Sunday, March 16, 2014

Who's next?

This writer has long wondered if mandating annual flu vaccine for HCW's was just a start. This article from the CDC may be dropping hints of what group may be the next target (real estate and hospitality industries).

The article (dated 3.14.2014) looks back to the 2009 - 2010 flu season and estimates rates of illness and flu vaccine coverage by taking telephone samples and "adjusting" numbers - how any of this could be verified for accuracy is anyone's guess. The response rates were low, just over 1/3 of those called (~6,000/month - and even these targets were approximate) took part in the survey, further calling into question the veracity of the results.

Influenza like illness was defined as " having been sick with fever and cough or sore throat in the past month" ... which could be influenza/ILI/or just about anything else. 

Contradictions abound in the following paragraph, quoted from the article:
Among all adults, employed persons had a similar prevalence of ILI in the month before the interview (5.5%) compared with those not in the labor force (6.0%); these groups also had similar pH1N1 vaccination coverage (23.7% versus 26.5%) (Table 3). In contrast, ILI prevalence was higher (9.4%) and pH1N1 vaccination coverage was lower (16.7%) among unemployed adults in the labor force.
 "Unemployed adults in the labor force" must be the same group that counts as part of the official unemployment statistic, whereas if you are unemployed but no longer looking you do not count as being unemployed (officially) - clearly a factor in differentiating risk of flu. Those "not in the labor force" are defined as "homemakers, students, retirees, and adults unable to work", a rather broad, and diverse, group by any standards, which could also affect accuracy of the "estimates". How many students work in addition to going to school? How many women who at home would like to once again, be informed, that they are not really working! Adults "unable to work" = disabled, a group that might well be at increased risk for a variety of illnesses, including flu/ILI!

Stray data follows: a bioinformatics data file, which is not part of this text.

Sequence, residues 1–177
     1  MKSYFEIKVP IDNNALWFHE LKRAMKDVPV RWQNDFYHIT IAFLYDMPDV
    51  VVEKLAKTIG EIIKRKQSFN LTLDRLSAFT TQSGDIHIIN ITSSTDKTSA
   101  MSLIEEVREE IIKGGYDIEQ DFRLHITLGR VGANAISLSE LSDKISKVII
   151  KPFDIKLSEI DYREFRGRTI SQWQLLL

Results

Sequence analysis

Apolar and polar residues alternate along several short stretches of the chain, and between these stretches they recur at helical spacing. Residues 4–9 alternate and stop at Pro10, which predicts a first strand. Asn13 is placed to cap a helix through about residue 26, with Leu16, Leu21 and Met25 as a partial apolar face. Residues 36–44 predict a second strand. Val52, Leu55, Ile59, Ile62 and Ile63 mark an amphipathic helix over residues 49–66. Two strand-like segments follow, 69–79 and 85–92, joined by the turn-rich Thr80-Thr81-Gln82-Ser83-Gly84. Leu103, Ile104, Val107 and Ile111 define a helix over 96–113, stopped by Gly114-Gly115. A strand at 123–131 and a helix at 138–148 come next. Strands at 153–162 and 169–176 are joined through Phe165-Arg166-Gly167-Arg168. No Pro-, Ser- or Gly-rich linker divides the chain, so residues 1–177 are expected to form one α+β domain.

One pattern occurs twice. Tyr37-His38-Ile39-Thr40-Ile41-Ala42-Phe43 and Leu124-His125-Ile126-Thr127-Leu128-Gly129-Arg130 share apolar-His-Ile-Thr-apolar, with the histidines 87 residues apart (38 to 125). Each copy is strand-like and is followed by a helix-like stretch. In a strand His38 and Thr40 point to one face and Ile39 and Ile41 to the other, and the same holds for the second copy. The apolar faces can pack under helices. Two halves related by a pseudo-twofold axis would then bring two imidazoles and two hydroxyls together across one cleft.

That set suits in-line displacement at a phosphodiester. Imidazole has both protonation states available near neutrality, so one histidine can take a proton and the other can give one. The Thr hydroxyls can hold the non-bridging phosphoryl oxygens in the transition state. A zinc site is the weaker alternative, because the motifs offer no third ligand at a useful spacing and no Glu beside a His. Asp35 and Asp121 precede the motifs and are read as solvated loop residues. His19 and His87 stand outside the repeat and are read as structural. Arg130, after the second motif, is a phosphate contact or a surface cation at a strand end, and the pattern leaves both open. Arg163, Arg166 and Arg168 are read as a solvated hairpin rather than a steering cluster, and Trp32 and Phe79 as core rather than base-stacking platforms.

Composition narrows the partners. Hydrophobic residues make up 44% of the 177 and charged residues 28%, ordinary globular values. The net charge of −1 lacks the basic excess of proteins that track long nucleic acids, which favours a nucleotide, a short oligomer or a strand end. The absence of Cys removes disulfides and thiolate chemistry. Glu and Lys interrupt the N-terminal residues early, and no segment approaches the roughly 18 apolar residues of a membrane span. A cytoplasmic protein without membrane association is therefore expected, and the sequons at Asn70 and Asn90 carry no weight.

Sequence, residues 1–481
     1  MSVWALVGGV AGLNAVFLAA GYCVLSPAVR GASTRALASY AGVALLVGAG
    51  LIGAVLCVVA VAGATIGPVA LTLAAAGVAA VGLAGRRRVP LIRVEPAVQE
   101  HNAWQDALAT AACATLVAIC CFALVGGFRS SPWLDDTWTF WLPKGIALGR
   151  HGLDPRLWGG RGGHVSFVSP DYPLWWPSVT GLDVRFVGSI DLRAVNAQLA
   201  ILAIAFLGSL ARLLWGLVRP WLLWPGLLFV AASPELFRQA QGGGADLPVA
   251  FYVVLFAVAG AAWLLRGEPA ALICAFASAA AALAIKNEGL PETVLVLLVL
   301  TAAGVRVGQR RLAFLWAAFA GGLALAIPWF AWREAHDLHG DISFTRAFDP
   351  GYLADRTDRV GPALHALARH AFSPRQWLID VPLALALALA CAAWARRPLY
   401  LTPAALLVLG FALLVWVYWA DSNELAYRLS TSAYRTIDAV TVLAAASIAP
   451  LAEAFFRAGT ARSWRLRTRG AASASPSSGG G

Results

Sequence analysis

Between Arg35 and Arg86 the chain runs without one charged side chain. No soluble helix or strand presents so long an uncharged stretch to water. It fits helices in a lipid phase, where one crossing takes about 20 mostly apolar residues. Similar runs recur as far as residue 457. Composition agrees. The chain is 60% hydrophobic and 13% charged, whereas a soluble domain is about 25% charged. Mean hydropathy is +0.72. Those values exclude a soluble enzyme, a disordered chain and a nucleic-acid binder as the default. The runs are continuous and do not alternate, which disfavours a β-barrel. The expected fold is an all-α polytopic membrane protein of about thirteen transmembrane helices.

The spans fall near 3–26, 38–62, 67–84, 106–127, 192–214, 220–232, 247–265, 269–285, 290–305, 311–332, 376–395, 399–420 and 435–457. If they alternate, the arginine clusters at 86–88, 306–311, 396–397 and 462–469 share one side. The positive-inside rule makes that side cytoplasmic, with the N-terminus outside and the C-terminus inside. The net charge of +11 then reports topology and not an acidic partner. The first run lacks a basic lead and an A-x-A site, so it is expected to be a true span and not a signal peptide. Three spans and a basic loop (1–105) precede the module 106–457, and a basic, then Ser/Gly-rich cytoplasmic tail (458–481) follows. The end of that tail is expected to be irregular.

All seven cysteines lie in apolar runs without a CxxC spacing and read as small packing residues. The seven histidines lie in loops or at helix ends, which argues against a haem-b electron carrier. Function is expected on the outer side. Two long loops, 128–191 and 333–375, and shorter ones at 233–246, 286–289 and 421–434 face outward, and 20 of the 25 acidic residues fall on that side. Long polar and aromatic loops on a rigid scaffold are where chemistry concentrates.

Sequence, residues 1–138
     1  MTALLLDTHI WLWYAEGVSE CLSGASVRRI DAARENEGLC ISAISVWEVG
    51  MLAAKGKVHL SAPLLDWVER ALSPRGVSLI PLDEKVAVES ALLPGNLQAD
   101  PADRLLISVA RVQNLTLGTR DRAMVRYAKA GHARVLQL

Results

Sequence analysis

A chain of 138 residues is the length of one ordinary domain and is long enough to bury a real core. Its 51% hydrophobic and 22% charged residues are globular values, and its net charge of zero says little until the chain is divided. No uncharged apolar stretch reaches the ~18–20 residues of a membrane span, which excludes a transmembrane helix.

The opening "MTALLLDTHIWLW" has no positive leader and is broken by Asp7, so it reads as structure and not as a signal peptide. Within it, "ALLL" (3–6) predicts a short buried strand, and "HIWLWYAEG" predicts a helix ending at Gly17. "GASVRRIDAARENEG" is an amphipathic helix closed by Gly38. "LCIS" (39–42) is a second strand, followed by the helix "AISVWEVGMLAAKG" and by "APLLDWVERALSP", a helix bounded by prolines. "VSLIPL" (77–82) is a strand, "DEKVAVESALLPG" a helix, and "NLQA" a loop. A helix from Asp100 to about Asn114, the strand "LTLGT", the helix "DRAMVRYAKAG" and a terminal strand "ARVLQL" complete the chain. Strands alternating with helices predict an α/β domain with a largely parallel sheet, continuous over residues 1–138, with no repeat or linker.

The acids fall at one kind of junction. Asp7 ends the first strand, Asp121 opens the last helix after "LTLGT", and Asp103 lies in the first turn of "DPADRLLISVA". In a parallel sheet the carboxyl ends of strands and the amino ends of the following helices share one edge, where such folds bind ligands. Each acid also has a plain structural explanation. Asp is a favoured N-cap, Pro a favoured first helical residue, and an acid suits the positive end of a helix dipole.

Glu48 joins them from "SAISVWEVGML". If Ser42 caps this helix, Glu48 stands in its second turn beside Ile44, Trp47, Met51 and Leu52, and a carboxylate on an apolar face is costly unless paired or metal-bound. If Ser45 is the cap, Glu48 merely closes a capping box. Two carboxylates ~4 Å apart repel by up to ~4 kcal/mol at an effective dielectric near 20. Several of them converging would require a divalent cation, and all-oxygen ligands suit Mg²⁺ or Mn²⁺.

The authors do at least acknowledge these weaknesses in the editorial section of the write up, but this could hardly be considered data upon which to base policy decisions of any kind.

When it comes to vaccinations, let people make up their own minds.


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